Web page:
- Ben Deflorio
- Jim Sardonis
Along a stretch of Interstate 89 in South Burlington, two large structures resembling whales' tails emerge from the ground, a novel view for passersby and a favorite photo op for visitors from the adjacent field. But the local landmark made of African black granite wasn't always sited there. Officially titled "Reverence," the sculpture was once an icon in the town of Randolph, 60 miles to the south.
Now, nearly three decades after Jim Sardonis completed "Reverence," the local sculptor has been commissioned to create a second, similar work — and this one will stay in Randolph. Due to be completed next spring, the bronze "Whale Dance" will be installed on the exact spot where "Reverence" once stood.
The original whale sculpture was commissioned in 1989 by David Threlkeld, who owned the land surrounding the installation site. In 1999, when he sold the 172-acre parcel to Jesse "Sam" Sammis, he had to find a new home for the artwork. Threlkeld sold it to developers Technology Park Partners, who moved it to its current location near an office complex; a planned sculpture park at the site never materialized.
"A lot of people from Randolph were really upset when 'Reverence' was allowed to leave," said Sardonis. "Many people expressed, at least to me, that they were so sorry that there wasn't an effort to try to keep it here. It had kind of created an identity for Randolph."
"The sculptor and the sculpture are beloved in this town," said Marjorie Ryerson, "and they have a long history of being our icon."
Ryerson, who has lived in the Randolph area since 1973, described recently pawing through some of her old T-shirts and finding several depicting the whales' tails. The sculpture was a rallying point for the Whales Tail Biathlon.
"[The move was] a bad metaphor about all good things in Vermont moving to Chittenden County," said Paul Bruhn, executive director of the Preservation Trust of Vermont. "It was a real loss for the Randolph community."
At the original site, near the interstate, Sammis hoped to build a gigantic multiuse development that would include a welcome center, rest stop, hotel, residential area and more. That "Whale Dance" — or any public structure — will be installed there instead is due primarily to the combined efforts of the Preservation Trust, the Conservation Law Foundation, the Vermont Natural Resources Council and the grassroots group Exit 4 Open Space (E4OS).
Beginning in May 2015, these organizations worked together to prevent Sammis from developing the site, opposing his request for an Act 250 permit. After 149 acres of the parcel were sold to the Montpelier-based conservation nonprofit Castanea Foundation in April 2017, a 22.5-acre plot remained.
"We nudged him, cajoled, pleaded with [Sammis] to give us an opportunity to buy the 22 acres," said Bruhn. "He ultimately agreed and gave us two months to raise a million dollars."
One million was less than the land's estimated value but a considerable sum for community foundations and grassroots organizers. Eventually, they raised the money through direct solicitations to major donors, contributions from more than 500 individuals, and small-scale fundraising efforts, Bruhn explained. He estimated that approximately $200,000 was raised through grassroots efforts spearheaded by E4OS. Sardonis himself played guitar at several fundraising events with his band Second Wife.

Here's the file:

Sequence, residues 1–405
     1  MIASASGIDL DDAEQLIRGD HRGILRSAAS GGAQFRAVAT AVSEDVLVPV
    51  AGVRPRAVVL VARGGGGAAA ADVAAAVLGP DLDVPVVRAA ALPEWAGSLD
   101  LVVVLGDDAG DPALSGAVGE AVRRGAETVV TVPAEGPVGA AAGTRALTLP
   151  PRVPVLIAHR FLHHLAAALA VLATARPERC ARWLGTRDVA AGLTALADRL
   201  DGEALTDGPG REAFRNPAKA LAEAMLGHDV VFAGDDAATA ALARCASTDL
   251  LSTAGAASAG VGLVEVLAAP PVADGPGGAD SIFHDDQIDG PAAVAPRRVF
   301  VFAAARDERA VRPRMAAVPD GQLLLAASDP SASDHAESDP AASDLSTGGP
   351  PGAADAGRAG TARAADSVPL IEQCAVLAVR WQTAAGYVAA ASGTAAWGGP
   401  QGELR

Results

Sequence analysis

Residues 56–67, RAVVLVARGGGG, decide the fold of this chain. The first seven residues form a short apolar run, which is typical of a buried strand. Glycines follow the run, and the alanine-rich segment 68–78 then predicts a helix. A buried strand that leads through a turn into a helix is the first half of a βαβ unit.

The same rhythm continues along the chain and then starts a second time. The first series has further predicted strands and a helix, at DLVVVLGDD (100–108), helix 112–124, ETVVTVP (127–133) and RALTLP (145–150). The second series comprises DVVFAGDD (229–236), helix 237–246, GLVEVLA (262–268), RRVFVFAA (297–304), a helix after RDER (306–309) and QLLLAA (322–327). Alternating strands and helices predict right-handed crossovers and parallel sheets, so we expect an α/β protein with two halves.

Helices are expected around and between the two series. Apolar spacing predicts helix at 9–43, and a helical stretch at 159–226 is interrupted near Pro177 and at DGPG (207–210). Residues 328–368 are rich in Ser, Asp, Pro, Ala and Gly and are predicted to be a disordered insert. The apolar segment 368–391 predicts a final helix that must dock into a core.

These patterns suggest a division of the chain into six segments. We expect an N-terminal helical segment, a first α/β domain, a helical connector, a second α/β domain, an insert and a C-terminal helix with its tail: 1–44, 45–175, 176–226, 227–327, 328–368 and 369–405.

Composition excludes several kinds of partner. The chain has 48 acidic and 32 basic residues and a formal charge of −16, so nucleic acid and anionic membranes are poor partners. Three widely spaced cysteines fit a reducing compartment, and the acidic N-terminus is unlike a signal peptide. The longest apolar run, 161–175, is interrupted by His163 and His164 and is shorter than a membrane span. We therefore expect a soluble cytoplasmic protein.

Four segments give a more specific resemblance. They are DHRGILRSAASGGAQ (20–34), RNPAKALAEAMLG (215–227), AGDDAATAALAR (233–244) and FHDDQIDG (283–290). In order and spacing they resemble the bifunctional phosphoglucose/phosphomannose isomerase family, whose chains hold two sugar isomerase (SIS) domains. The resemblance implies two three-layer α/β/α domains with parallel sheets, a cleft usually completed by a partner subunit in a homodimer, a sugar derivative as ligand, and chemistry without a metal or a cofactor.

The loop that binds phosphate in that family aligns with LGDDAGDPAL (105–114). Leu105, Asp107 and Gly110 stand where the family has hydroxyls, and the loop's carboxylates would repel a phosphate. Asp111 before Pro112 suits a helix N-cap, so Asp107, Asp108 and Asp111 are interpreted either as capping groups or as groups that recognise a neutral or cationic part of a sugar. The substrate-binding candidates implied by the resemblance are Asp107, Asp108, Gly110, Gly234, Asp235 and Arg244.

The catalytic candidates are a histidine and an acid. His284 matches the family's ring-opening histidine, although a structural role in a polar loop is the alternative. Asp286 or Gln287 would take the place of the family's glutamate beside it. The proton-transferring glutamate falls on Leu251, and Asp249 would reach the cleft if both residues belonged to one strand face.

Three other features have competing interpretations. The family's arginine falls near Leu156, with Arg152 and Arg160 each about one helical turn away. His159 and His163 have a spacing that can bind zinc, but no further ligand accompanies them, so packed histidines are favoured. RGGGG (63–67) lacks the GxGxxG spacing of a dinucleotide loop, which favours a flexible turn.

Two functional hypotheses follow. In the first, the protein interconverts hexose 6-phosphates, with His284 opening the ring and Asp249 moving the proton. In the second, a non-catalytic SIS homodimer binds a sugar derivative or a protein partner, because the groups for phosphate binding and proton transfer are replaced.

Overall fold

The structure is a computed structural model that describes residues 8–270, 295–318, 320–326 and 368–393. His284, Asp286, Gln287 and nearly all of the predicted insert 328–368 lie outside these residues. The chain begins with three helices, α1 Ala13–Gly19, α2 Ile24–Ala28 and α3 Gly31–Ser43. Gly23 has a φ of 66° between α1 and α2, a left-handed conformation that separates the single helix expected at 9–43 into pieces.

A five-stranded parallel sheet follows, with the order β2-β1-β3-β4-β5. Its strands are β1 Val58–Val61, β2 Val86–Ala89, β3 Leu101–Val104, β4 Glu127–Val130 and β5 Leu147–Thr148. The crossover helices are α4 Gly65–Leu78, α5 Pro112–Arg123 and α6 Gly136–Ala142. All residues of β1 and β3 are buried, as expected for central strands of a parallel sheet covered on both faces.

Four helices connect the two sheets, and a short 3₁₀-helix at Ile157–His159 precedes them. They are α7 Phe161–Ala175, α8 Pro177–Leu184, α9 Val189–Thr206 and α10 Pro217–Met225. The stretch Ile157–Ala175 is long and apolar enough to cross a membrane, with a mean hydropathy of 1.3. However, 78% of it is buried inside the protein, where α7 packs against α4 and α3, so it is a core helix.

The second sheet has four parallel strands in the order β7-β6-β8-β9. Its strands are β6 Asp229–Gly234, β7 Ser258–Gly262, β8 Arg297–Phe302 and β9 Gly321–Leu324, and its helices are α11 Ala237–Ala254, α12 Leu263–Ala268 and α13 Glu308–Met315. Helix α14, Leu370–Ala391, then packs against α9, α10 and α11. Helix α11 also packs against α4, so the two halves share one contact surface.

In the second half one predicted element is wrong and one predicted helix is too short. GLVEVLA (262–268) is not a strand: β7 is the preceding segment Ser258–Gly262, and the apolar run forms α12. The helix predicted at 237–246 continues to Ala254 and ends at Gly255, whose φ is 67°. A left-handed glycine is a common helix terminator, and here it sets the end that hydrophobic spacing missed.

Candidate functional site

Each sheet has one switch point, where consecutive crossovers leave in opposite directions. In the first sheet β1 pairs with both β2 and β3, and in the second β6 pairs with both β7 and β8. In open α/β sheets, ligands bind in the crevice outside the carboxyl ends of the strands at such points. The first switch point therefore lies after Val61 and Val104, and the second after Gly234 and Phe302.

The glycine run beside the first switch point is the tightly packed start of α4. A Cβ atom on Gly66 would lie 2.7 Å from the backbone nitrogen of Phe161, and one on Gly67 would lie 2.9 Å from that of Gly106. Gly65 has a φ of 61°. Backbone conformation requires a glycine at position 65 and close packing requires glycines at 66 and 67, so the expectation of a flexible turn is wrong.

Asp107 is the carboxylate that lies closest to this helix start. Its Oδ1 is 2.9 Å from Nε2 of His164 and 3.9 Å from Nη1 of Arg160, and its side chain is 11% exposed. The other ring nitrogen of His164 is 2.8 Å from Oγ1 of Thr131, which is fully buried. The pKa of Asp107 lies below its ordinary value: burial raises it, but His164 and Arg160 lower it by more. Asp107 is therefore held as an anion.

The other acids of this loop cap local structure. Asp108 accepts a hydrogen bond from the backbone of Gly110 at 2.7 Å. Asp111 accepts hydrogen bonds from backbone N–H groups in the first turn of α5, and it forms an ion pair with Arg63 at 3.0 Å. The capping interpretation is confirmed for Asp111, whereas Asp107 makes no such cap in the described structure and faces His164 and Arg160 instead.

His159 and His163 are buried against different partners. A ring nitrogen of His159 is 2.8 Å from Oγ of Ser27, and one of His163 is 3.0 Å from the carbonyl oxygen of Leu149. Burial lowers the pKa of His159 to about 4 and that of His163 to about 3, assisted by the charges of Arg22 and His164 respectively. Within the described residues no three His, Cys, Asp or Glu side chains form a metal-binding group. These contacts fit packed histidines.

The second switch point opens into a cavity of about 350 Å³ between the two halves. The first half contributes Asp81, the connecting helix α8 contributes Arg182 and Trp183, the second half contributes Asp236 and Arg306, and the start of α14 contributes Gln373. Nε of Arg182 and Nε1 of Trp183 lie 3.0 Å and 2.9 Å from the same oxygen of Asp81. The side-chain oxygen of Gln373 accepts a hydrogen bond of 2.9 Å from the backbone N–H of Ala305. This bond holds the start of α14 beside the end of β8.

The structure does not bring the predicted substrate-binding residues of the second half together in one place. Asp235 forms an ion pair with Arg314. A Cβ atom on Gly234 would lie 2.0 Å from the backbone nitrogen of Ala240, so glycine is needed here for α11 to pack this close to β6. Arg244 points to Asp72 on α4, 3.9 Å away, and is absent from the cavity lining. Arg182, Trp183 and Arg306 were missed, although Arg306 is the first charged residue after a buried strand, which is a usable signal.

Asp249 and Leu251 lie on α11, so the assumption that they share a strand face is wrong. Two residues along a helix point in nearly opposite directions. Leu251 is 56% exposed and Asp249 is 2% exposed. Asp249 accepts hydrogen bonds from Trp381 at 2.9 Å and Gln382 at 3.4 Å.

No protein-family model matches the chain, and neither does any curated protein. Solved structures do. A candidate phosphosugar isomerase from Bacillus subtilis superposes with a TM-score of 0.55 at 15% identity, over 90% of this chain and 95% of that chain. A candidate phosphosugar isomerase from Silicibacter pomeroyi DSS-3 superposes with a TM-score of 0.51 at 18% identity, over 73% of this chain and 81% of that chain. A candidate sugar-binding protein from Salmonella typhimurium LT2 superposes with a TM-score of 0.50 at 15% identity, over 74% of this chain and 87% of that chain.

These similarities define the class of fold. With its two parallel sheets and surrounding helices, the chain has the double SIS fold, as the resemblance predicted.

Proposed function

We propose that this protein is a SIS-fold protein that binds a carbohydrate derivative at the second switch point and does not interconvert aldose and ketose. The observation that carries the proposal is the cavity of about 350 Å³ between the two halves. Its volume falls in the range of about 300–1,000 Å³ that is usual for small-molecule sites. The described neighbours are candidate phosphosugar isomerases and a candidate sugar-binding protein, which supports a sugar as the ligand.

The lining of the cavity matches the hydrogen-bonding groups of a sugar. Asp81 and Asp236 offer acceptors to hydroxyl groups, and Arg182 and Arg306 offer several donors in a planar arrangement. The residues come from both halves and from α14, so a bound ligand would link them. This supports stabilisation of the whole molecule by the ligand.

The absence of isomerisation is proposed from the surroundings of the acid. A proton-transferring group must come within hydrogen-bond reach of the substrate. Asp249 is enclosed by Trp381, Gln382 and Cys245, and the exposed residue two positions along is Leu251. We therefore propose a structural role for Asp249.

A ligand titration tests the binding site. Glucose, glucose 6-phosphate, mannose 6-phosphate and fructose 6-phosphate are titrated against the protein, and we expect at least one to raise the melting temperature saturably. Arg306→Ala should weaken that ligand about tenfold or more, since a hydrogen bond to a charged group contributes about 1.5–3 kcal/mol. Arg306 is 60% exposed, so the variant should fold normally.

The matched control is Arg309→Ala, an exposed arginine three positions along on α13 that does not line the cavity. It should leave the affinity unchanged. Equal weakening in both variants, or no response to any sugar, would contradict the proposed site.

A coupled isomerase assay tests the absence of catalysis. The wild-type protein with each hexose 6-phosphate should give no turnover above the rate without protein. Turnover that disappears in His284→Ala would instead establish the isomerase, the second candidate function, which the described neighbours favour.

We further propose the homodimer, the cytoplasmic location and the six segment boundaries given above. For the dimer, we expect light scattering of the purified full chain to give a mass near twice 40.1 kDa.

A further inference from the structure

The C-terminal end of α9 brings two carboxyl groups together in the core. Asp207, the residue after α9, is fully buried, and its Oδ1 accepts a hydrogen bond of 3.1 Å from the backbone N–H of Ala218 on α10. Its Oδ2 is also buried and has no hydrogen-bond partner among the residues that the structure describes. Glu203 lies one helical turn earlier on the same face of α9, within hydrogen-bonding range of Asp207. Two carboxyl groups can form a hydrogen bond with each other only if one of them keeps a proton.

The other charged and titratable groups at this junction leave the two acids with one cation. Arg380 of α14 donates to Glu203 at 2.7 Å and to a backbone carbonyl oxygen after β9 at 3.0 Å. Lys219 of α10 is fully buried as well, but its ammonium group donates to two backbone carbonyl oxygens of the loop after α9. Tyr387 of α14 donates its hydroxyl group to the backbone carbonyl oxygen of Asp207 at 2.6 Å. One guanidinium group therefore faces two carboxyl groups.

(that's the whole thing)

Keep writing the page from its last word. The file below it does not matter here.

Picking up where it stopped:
This month, E4OS members learned that their efforts, and success, will be honored at December's national Conservation Law Foundation gala in Boston.
"I would say that, throughout this whole process, as we dreamed about protecting that land, we all had in mind that it would be wonderful to have a new, iconic sculpture installed where the whales' tails had been," said Bruhn.
Ryerson, a member of E4OS, reached out to Sardonis last summer to ask about the possibility of "Reverence" returning to its first home. The artist told her it would be less hassle and less expensive to create a new work instead.
After the Preservation Trust purchased the parcel from Sammis, Bruhn had several "informal conversations" with the Middlebury-based Vermont Community Foundation. These, he said, "led to a commitment from them for the funding that allowed us to commission this new sculpture by Jim." Bruhn would not share further details.
"I don't think any of us hoped that we would find the money anytime soon to do the sculpture," said Bruhn, "so this is a great bit of icing on an amazing effort."
As for "Whale Dance" itself, Sardonis said it will be rendered in bronze, a major difference from the granite "Reverence" and more in keeping with his original vision of the sculpture. The malleability of bronze will allow for more fluid movement than granite, which Threlkeld requested when he commissioned "Reverence."
"Whale Dance" will also be larger — 16 feet high; "Reverence" is 13 feet tall at its highest point. Once the design is finished, the work will be fabricated at the Polich Tallix foundry in Walden, N.Y.
"I'm trying to emphasize the dance-like qualities that I originally envisioned," Sardonis said, "thinking of the tails you see above the ground [but also] imagining the rest of the bodies below the surface, touching and dancing."
"It's really a full-circle thing," Sardonis continued. "I'm really looking forward to getting something back to Randolph that echoes what was there for 10 years."